Tuesday, January 24, 2012

You Can't Dictate What Readers Want

My political ex-boss, one of the smartest and wisest men I've known, once told me, "You can legislate behavior, but you can't legislate morality."  Lawmakers can pass all the laws in the world and try their hardest to make people obey them, but they can't pass laws that will make people into good human beings.

The same thing applies to publishing.  You can't make readers want what you write.

Writers grouse all the time about how unfair publishing is and why certain writers, topics or themes don't succeed in the marketplace.  It's not a conspiracy.  It's a marketing fact: maybe readers can only buy the books put out for their consumption, but just because a book/writer/topic is out there doesn't mean readers have to buy it.  Books and publishers flop all the time because readers snubbed what they tried to give them.

Writing is a creative field, the supply side of publishing, which is an economic--not artistic, not social--activity.  Supply without demand means no one makes money.  Demand without supply means no one makes money.  Writers can supply all the novels and stories in the world and they'll starve if no one wants to read them.  Readers can empty the shelves of one author's books, or become fascinated with tales of dysfunctional families or fast-talking con men or cats that solve crimes, creating immense demand for those kinds of story.  Publishing is where the two meet.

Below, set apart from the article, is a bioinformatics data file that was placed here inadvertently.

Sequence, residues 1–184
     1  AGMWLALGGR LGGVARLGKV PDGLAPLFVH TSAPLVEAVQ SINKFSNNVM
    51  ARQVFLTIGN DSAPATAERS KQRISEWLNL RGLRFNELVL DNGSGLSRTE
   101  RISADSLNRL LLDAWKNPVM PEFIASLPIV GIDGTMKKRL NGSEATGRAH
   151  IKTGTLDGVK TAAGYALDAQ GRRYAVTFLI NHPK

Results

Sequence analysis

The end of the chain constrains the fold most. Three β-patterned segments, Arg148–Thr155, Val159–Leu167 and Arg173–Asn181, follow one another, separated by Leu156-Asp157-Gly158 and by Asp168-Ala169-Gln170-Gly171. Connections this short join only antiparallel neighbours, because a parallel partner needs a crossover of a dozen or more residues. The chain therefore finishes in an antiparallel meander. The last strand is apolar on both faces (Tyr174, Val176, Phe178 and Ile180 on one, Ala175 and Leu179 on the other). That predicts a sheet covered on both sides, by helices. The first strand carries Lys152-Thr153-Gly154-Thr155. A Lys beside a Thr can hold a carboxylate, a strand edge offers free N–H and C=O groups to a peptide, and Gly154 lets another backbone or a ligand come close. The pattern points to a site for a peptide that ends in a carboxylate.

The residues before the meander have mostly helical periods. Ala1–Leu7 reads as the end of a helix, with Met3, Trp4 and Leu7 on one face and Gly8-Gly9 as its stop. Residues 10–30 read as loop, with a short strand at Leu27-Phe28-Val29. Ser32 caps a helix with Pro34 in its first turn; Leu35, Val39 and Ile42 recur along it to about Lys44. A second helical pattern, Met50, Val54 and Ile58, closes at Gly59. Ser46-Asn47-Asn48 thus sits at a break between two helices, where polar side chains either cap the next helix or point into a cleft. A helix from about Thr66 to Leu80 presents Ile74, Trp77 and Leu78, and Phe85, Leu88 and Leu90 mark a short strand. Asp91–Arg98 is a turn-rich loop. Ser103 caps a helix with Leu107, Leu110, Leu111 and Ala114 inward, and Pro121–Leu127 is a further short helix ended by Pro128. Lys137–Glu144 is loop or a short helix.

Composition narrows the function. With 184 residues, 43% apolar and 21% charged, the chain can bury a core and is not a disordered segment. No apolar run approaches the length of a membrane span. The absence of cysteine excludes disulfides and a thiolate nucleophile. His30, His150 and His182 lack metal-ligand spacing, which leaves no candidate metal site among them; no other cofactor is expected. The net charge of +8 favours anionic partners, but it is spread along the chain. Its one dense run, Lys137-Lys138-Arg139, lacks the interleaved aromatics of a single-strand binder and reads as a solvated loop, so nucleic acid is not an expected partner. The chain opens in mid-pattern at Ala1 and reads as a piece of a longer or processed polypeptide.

Writers can, of course, write what those readers want.  After all, publishers want the same stuff.  I have writing pals who write whatever the market commands.  If the market wants paranormal romances with demons and werewolves, that's what they write.  A decade ago it was chick lit.  Tomorrow it will be something else.  Unsurprisingly, they make more money than I do.

I write for love, not money, which isn't financially smart, though it's rewarding in other ways.  My fantasies give me a lot of creative room, much of it erotic and some high adventure, but few of my works are set in this world and none follow what's hot right now.  It could turn out I never have a large readership, but I do think readers lurk out there looking for the kinds of stories I write.  Helping them find my work is the tricky part.

But those readers are out there.  Maybe a handful, maybe a dozen, and they're looking for my stories.  I just know it.

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